Satellite View: Huge Storm Heads Across the US

by Nancy Atkinson on January 31, 2011

The GOES-13 satellite captured this image on Jan. 31, 2011 of a major winter storm covering a large portion of the US. Image Credit: NOAA/NASA GOES Project

The roads are a skating rink where I live! This visible image was captured by the GOES-13 satellite on January 31, 2011 and it shows the low pressure area bringing snowfall to the Midwest US. Heavy snow is expected today in portions of northern Iowa, southern Minnesota and Wisconsin. Snowfall from the system extends from Michigan west to Montana, Idaho, Utah and Arizona. A mix of rain and snow also stretches into the Ohio and Tennessee valleys, and it is all moving east. This system appears to be as large as 1/3rd of the Continental U.S.

Meanwhile, in another hemisphere on the other side of the world a huge tropical cyclone threatens parts of Australia that has already been suffering from flooding.

of Tropical Cyclone Yasi taken at 6:29 a.m. PST (9:29 a.m. EST) on Jan. 31, 2011. Areas colored purple represent the storm's coldest cloud-top temperatures and areas of heaviest precipitation. Image credit: NASA/JPL-Caltech

The northeastern Australian state of Queensland is now bracing for what could become one of the largest tropical cyclones the state has ever seen.

The Atmospheric Infrared Sounder (AIRS) instrument on NASA’s Aqua satellite captured this infrared image of Yasi on Jan. 31, 2011, at 6:29 a.m. PST (9:29 a.m. EST). The AIRS data create an accurate 3-D map of atmospheric temperature, water vapor and clouds, data that are useful to forecasters. The image shows the temperature of Yasi’s cloud tops or the surface of Earth in cloud-free regions.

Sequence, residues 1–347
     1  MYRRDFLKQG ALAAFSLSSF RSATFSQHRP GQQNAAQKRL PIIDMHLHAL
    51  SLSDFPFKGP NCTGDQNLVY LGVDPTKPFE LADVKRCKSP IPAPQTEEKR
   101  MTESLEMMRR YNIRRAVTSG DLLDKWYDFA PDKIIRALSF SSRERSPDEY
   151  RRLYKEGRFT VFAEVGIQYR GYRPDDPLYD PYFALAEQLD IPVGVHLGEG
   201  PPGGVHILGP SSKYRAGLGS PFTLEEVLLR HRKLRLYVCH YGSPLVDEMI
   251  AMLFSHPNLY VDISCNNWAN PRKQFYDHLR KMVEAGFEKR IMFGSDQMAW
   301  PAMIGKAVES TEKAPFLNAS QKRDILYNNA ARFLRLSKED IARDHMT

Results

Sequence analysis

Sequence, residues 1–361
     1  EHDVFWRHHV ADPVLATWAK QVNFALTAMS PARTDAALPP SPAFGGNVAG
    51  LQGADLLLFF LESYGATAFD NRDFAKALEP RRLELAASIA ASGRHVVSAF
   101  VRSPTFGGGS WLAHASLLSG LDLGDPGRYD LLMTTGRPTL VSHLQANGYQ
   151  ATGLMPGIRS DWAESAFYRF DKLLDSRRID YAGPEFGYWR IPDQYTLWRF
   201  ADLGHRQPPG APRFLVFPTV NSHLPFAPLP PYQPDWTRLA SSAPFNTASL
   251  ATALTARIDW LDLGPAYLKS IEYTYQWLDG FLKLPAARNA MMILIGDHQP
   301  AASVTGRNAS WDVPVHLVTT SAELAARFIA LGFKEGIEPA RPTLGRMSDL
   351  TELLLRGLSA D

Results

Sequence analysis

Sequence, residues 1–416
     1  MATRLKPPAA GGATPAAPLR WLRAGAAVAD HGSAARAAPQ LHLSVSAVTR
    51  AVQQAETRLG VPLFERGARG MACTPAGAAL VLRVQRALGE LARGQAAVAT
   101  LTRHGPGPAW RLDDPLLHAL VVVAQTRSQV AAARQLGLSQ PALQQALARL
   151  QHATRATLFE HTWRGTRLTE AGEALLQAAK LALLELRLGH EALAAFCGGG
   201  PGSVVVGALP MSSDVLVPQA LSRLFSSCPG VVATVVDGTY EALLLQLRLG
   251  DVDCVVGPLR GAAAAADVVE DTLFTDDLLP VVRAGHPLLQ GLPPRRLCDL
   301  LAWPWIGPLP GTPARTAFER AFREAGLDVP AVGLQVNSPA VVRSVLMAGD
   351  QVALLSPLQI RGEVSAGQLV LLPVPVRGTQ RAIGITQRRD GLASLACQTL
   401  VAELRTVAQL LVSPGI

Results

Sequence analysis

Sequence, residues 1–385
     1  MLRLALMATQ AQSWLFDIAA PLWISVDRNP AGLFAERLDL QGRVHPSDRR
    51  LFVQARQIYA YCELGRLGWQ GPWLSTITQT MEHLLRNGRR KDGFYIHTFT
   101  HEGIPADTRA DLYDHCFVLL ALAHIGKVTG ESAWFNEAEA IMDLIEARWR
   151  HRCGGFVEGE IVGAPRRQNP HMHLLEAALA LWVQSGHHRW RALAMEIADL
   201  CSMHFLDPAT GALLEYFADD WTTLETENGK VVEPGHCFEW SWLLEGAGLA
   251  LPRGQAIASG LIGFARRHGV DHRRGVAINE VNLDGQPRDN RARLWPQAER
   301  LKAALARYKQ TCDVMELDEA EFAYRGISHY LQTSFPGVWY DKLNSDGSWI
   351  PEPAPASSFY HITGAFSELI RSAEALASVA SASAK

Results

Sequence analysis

The coldest cloud-top temperatures appear in purple, indicating towering cold clouds and heavy precipitation. The infrared signal of AIRS does not penetrate through clouds. Where there are no clouds, AIRS reads the infrared signal from the surface of the ocean waters, revealing warmer temperatures in orange and red.

At the approximate time this image was taken, Yasi had maximum sustained winds near 90 knots (166 kilometers per hour, or 103 mph), equivalent to a Category Two hurricane on the Saffir-Simpson Scale. It was centered about 1,400 kilometers (875 miles) east of Cairns, Australia, moving west at about 19 knots per hour (35 kilometers per hour, or 22 mph). Cyclone-force winds extend out to 48 kilometers (30 miles) from the center.

Yasi is forecast to move west, then southwestward, into an area of low vertical wind shear (strong wind shear can weaken a storm). Forecasters at the Joint Typhoon Warning Center expect Yasi to continue to strengthen over the next 36 hours. The Center forecasts a landfall just south of Cairns as a large 100-plus knot-per-hour (185 kilometers per hour, or 115 mph) system by around midnight local time on Wednesday, Feb. 2.

Sources: JPL, NASA Earth Observatory

About 

Nancy Atkinson is Universe Today's Senior Editor. She also works with Astronomy Cast, and is a NASA/JPL Solar System Ambassador.

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